et al. Caste development and reproduction: a genome-wide analysis of hallmarks of insect eusociality. Insect Mol Biol 15, 703–714 (2006).

  17. 17.

    et al. DNA methylation dynamics, metabolic fluxes, gene splicing, and alternative phenotypes in honey bees. Proceedings of the National Academy of Sciences of the United States of America 109, 4968–4973 (2012).

  18. 18.

    & Induction of caste differentiation in the honey bee (Apis mellifera L.) by juvenile hormone. Ent Exp Appl 15, 517–520 (1972).

  19. 19.

    et al. Histone deacetylase inhibitor activity in royal jelly might facilitate caste switching in bees. Embo Rep 12, 238–243 (2011).

  20. 20.

    , , & Extensive histone post-translational modification in honey bees. Insect biochemistry and molecular biology 43, 125–137 (2013).

  21. 21.

    Argonaute proteins: functional insights and emerging roles. Nat Rev Genet 14, 447–459 (2013).

  22. 22.

    , & Switching from repression to activation: microRNAs can up-regulate translation. Science 318, 1931–1934 (2007).

  23. 23.

    , & MicroRNA-10a binds the 5′UTR of ribosomal protein mRNAs and enhances their translation. Mol Cell 30, 460–471 (2008).

  24. 24.

    & Argonaute-mediated translational repression (and activation). Fly 3, 204–206 (2009).

  25. 25.

    & MicroRNAs and their roles in developmental canalization. Current opinion in genetics & development 27C, 1–6 (2014).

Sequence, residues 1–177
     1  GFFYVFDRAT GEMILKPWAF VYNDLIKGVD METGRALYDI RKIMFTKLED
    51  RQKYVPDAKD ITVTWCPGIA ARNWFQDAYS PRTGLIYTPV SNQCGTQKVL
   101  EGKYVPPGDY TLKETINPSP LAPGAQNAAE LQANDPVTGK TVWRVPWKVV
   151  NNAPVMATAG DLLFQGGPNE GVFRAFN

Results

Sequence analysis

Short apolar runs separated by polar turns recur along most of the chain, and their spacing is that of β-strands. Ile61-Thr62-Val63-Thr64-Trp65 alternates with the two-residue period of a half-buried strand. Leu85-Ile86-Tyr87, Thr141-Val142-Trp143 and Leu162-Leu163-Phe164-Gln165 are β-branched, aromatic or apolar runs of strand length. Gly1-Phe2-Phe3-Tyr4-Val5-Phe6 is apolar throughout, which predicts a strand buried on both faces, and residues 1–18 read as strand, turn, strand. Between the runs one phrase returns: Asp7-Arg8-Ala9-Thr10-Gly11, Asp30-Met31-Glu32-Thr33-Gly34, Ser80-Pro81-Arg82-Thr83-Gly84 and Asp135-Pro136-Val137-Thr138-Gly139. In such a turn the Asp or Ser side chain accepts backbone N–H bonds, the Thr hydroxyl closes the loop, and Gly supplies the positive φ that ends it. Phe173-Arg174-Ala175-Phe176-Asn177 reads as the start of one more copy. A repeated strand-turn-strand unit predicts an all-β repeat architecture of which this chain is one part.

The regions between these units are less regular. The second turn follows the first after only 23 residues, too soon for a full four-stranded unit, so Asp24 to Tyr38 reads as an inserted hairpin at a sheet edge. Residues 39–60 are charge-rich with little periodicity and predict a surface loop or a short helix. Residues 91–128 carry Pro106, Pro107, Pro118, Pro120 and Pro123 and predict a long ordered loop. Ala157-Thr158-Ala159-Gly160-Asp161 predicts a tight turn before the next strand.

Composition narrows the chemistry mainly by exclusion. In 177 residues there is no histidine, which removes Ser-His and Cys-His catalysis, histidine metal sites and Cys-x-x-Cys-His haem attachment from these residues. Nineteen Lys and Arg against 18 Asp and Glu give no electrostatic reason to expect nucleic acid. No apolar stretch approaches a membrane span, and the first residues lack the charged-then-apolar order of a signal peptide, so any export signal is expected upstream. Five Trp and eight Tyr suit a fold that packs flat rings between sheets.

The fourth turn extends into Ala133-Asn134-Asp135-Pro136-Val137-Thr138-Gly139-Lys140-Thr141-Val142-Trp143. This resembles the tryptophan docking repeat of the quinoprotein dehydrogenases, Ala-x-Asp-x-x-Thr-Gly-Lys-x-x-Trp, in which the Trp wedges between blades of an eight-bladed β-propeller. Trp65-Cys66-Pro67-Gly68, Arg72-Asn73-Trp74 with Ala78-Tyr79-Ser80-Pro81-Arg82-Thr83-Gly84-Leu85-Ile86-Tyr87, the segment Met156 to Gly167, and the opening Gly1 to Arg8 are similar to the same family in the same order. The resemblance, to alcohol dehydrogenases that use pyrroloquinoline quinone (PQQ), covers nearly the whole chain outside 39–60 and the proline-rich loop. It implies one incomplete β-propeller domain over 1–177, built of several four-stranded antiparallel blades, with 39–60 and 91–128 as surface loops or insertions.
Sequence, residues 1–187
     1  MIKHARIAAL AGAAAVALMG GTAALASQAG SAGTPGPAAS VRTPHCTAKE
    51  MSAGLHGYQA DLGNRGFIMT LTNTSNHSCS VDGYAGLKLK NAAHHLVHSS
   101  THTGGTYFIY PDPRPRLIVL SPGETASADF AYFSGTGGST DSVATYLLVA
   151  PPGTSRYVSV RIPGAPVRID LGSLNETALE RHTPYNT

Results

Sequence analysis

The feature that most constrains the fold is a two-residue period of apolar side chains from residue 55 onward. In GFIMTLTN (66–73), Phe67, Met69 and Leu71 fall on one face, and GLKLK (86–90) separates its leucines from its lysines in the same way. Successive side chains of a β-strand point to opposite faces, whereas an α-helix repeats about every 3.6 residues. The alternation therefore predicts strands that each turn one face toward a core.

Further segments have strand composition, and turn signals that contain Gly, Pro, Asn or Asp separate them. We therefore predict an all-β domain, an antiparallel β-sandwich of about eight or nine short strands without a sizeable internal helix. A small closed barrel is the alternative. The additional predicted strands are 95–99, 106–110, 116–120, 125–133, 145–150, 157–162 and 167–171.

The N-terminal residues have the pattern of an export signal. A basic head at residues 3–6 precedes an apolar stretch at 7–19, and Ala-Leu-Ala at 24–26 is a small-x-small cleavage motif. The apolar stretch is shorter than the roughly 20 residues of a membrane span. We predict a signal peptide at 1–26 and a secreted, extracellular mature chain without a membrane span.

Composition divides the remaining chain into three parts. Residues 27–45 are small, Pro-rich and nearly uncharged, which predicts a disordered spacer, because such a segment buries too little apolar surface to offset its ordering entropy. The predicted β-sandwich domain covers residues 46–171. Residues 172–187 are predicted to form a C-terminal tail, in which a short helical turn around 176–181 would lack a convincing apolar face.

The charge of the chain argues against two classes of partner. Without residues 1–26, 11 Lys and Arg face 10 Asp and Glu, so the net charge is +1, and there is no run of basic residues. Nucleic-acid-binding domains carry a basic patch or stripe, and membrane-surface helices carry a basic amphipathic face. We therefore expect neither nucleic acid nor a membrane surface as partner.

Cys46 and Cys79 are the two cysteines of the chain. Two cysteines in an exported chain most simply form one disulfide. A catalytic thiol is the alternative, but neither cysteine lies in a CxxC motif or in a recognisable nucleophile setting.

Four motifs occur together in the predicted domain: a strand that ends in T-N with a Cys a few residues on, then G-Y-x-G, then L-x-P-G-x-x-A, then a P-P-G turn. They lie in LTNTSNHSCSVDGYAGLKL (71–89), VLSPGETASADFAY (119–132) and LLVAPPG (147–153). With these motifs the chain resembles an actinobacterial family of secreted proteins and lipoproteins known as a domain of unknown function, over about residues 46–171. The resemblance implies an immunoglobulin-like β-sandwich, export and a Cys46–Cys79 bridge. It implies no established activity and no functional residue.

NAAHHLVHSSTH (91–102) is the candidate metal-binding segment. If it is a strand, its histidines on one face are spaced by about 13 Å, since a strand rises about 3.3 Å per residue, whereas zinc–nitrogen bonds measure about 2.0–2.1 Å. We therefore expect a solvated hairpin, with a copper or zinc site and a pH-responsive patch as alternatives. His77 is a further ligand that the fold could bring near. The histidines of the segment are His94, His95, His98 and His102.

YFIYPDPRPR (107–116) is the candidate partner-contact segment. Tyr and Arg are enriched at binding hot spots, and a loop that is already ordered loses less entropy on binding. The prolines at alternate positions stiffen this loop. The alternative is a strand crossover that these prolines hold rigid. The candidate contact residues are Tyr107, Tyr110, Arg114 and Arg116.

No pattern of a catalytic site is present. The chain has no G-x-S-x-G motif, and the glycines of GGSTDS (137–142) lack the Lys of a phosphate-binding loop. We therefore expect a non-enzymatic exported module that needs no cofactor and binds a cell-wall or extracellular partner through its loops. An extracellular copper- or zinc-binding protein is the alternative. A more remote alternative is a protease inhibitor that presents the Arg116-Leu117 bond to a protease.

26. 26.

    MicroRNA functions in insects. Insect biochemistry and molecular biology 43, 388–397 (2013).

  27. 27.

    & Correlated expression patterns of microRNA genes with age-dependent behavioural changes in honeybee. Insect Mol Biol 19, 431–439 (2010).

  28. 28.

    et al. Next-generation small RNA sequencing for microRNAs profiling in the honey bee Apis mellifera. Insect Mol Biol 19, 799–805 (2010).

  29. 29.

    et al. Behavioral plasticity in honey bees is associated with differences in brain microRNA transcriptome. Genes, brain, and behavior 11, 660–670 (2012).

  30. 30.

    et al. Differences in microRNAs and their expressions between foraging and dancing honey bees, Apis mellifera L. Journal of insect physiology 58, 1438–1443 (2012).

  31. 31.

    et al. Next-generation small RNA sequencing for microRNAs profiling in Apis mellifera: comparison between nurses and foragers. Insect Mol Biol 21, 297–303 (2012).

  32. 32.

    et al. Epigenetic modification of gene expression in honey bees by heterospecific gland secretions. PloS one 7, e43727 (2012).

  33. 33.

    et al. Computational and transcriptional evidence for microRNAs in the honey bee genome. Genome biology 8, R97 (2007).

  34. 34.

    The microRNA Registry. Nucleic acids research 32, D109–111 (2004).

  35. 35.

    , , , & The mirtron pathway generates microRNA-class regulatory RNAs in Drosophila. Cell 130, 89–100 (2007).

  36. 36.

    , & Intronic microRNA precursors that bypass Drosha processing. Nature 448, 83–86 (2007).

  37. 37.

    , , & Genome-wide analysis of genes related to ovary activation in worker honey bees. Insect Mol Biol 17, 657–665 (2008).

  38. 38.

    et al. Influence of pollen nutrition on honey bee health: do pollen quality and diversity matter? PloS one 8, e72016 (2013).

  39. 39.

    , & The activity of Mblk-1, a mushroom body-selective transcription factor from the honeybee, is modulated by the ras/MAPK pathway. J Biol Chem 278, 18689–18694 (2003).

  40. 40.

    et al. Positively correlated miRNA-mRNA regulatory networks in mouse frontal cortex during early stages of alcohol dependence. BMC genomics 14, 725 (2013).

  41. 41.